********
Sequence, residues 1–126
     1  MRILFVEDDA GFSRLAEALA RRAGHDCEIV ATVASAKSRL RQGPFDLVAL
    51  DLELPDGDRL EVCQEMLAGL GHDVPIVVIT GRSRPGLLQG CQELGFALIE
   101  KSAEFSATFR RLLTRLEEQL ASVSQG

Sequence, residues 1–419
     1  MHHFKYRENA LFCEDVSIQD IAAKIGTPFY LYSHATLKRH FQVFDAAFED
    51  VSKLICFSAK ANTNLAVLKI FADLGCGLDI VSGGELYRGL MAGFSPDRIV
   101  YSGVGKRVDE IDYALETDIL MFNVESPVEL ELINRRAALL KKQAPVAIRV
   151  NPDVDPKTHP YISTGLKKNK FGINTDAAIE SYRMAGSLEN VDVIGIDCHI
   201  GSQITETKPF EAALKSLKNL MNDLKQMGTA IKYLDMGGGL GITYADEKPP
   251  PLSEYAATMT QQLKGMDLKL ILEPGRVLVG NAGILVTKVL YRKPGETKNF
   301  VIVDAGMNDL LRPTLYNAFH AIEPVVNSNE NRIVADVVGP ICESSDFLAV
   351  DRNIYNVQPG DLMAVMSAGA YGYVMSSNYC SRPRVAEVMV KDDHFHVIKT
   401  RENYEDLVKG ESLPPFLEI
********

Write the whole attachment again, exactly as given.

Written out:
Sequence, residues 1–126
     1  MRILFVEDDA GFSRLAEALA RRAGHDCEIV ATVASAKSRL RQGPFDLVAL
    51  DLELPDGDRL EVCQEMLAGL GHDVPIVVIT GRSRPGLLQG CQELGFALIE
   101  KSAEFSATFR RLLTRLEEQL ASVSQG

Sequence, residues 1–419
     1  MHHFKYRENA LFCEDVSIQD IAAKIGTPFY LYSHATLKRH FQVFDAAFED
    51  VSKLICFSAK ANTNLAVLKI FADLGCGLDI VSGGELYRGL MAGFSPDRIV
   101  YSGVGKRVDE IDYALETDIL MFNVESPVEL ELINRRAALL KKQAPVAIRV
   151  NPDVDPKTHP YISTGLKKNK FGINTDAAIE SYRMAGSLEN VDVIGIDCHI
   201  GSQITETKPF EAALKSLKNL MNDLKQMGTA IKYLDMGGGL GITYADEKPP
   251  PLSEYAATMT QQLKGMDLKL ILEPGRVLVG NAGILVTKVL YRKPGETKNF
   301  VIVDAGMNDL LRPTLYNAFH AIEPVVNSNE NRIVADVVGP ICESSDFLAV
   351  DRNIYNVQPG DLMAVMSAGA YGYVMSSNYC SRPRVAEVMV KDDHFHVIKT
   401  RENYEDLVKG ESLPPFLEI